LGBTQ boat-lovers launch Gulf Area Yachting Society.
By Marene Gustin
You don’t have to own a multimillion-dollar yacht or even be LGBTQ to join the new Gulf Area Yachting Society, which goes by the cheeky acronym GAYS. The club is a diverse group of LGBTQ and LGBTQ-friendly folk who love all kinds of boats and watercraft.
Commodore Michael Harrison explains that the idea hit him and some friends (who were part of another boating social group) earlier this year. “We just noticed there were more and more gays on the water,” Harrison says. “So we thought, let’s start a fun club that transcends gender identity, sexuality, age, race, and religion. Our only requirement is that you have to love the water.”
The Texas Gulf Coast has become increasingly queer-friendly, both as a tourist destination and as a home base. The area has sprouted a plethora of LGBTQ travel companies, cruise lines, Realtors, and bars. And now for the water-lovers, there’s GAYS.
Many inland Texas residents have vacation homes on Galveston Island, Kemah, Clear Lake, and Seabrook. And at many of those coastal homes you’ll find boats—or at least people with access to marinas where they keep a variety of watercraft.
It’s almost a right of passage for South Texans to spend time on the Gulf, soaking up sun, fishing, or just enjoying the breezes. And as boaters tend to be social folks, there are more social clubs than you can shake an oar at—including the Gulf Coast Nudist Yacht Club based in League City, for those who prefer sailing au naturel.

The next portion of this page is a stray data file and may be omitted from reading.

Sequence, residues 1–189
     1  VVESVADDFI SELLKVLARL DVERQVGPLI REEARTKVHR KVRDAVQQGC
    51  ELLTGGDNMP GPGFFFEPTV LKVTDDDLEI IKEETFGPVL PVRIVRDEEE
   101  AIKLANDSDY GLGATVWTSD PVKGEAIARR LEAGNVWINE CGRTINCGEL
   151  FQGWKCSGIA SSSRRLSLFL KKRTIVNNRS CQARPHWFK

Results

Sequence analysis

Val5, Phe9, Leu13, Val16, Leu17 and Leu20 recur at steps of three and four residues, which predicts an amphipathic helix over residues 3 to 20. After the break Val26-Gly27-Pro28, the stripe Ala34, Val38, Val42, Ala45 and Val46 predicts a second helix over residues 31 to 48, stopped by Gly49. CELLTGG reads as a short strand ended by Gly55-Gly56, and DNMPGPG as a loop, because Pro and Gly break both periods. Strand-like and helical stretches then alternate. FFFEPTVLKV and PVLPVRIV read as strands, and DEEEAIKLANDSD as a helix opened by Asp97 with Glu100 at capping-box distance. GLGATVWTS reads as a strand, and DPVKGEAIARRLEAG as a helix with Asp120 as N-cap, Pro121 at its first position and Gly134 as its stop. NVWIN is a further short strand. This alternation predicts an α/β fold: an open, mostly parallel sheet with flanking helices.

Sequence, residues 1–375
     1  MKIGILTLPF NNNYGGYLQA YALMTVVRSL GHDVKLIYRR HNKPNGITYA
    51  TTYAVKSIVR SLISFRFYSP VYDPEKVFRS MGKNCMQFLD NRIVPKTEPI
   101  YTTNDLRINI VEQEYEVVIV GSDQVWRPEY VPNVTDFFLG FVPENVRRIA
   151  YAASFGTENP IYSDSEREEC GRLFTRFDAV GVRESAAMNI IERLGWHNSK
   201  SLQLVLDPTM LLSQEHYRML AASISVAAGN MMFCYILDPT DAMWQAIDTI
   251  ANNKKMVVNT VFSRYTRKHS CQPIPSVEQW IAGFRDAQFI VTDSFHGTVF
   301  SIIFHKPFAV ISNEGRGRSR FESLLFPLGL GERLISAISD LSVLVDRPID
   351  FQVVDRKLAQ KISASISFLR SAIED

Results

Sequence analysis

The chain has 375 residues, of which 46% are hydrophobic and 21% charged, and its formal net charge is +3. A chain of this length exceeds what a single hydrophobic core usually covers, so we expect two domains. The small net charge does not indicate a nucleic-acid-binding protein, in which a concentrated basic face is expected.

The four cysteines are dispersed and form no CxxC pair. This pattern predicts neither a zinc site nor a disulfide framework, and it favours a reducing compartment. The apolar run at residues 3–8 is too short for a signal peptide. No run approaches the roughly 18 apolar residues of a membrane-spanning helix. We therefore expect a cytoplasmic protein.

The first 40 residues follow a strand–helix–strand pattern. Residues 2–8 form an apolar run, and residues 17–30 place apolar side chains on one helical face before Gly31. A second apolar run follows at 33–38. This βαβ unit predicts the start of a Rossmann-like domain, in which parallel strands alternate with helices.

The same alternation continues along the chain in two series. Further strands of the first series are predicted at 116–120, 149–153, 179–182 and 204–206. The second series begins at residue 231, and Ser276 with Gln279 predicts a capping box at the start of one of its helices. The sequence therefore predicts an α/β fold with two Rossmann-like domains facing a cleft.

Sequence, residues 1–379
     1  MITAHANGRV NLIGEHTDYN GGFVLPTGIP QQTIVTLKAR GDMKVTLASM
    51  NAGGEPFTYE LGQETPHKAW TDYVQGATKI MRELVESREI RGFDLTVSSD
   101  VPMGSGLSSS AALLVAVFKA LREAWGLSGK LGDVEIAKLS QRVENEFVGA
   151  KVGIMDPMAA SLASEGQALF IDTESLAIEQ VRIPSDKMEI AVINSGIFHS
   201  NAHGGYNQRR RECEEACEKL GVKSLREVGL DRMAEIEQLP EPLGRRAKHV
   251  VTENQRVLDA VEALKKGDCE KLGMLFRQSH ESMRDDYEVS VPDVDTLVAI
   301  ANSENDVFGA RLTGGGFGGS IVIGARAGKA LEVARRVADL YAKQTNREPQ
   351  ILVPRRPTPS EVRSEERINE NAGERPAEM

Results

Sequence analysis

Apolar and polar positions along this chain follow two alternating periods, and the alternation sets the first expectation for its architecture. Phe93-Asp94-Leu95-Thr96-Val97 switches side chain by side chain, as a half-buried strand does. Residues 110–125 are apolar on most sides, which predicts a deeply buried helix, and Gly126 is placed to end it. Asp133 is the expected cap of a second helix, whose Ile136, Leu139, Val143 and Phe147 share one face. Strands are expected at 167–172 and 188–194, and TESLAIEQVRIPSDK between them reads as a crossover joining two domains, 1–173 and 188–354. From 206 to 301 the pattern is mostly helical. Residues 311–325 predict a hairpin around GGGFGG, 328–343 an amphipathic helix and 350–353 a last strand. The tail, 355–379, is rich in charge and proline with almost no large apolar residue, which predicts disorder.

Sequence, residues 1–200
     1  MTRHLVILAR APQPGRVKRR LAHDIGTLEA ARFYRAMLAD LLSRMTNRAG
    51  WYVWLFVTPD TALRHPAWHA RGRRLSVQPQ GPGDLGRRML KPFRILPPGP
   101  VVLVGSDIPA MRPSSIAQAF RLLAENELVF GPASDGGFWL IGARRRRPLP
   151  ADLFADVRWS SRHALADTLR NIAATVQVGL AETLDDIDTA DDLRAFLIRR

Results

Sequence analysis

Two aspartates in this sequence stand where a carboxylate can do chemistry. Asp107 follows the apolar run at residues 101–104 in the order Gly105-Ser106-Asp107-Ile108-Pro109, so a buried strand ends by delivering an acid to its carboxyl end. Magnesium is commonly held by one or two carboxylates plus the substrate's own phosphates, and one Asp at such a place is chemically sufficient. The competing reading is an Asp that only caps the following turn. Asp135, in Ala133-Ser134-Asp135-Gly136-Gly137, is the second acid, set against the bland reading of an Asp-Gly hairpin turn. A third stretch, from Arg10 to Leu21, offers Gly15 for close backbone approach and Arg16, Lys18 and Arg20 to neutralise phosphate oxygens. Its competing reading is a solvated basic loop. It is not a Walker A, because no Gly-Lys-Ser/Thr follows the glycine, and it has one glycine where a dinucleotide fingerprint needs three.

So Harrison and his partner, Constantine Volo, along with their friends Jerry Simoneaux, Christopher Brown, and Dee Latoilais, decided to form GAYS in March for LGBTQ boaters and allies. They held their first member party in June at the Houston Yacht Club. “We’re still pretty small, but we have one member in Mississippi who’s recruiting more out-of-state members,” says Harrison.
The idea is to have special sailing events where members get together and boat to yacht clubs or Red Fish Island, as well as monthly “docktail” parties. “That’s where we get together on someone’s boat at the dock and drink wine and cocktails,” he explains.
Members have sailboats, canoes, and powerboats; all kinds of watercraft are welcome. “And if you don’t own a boat, that’s okay, too,” Harrison adds. “People with boats are always looking for extra crew.”
Harrison says sailing the couple’s 36-foot French Joust sailboat is a constant pleasure. “There’s nothing like being out on the water and putting the sails up,” he says.
Latoilais loves the water just as much, but prefers her 38-foot Sea Ray motorboat. She and her husband have been on the water since 1987, starting with fishing boats. “I guess you could call me a free spirit and an ally,” she says. “I knew Michael and Constantine from another club, and when I met them, I just fell in love. They are so much fun—they have no pretentions at all, they just are who they are.”
Latoilais is looking forward to working on the board of GAYS and enjoying the social aspect of boating with fun folks. “Boat people just tend to be very open,” she says. “It’s all about boating and the water. If you’re in love with that, then we’re very accepting.”
For more, visit gulfareayachtingsociety.com.
This article appears in the July 2017 edition of OutSmart Magazine.